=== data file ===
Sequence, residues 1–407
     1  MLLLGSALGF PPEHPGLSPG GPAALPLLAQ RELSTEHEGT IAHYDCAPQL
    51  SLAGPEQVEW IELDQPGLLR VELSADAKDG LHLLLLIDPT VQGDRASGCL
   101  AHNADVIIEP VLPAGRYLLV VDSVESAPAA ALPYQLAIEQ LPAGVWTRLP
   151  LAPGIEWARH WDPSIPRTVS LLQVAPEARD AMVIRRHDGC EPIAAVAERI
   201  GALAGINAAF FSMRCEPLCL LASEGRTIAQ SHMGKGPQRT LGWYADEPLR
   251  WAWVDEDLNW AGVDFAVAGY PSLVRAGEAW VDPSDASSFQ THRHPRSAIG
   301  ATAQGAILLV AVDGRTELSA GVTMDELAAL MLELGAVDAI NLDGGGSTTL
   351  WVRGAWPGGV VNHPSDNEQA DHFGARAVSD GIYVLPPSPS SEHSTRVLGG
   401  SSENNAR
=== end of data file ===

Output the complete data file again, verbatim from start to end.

Sequence, residues 1–407
     1  MLLLGSALGF PPEHPGLSPG GPAALPLLAQ RELSTEHEGT IAHYDCAPQL
    51  SLAGPEQVEW IELDQPGLLR VELSADAKDG LHLLLLIDPT VQGDRASGCL
   101  AHNADVIIEP VLPAGRYLLV VDSVESAPAA ALPYQLAIEQ LPAGVWTRLP
   151  LAPGIEWARH WDPSIPRTVS LLQVAPEARD AMVIRRHDGC EPIAAVAERI
   201  GALAGINAAF FSMRCEPLCL LASEGRTIAQ SHMGKGPQRT LGWYADEPLR
   251  WAWVDEDLNW AGVDFAVAGY PSLVRAGEAW VDPSDASSFQ THRHPRSAIG
   301  ATAQGAILLV AVDGRTELSA GVTMDELAAL MLELGAVDAI NLDGGGSTTL
   351  WVRGAWPGGV VNHPSDNEQA DHFGARAVSD GIYVLPPSPS SEHSTRVLGG
   401  SSENNAR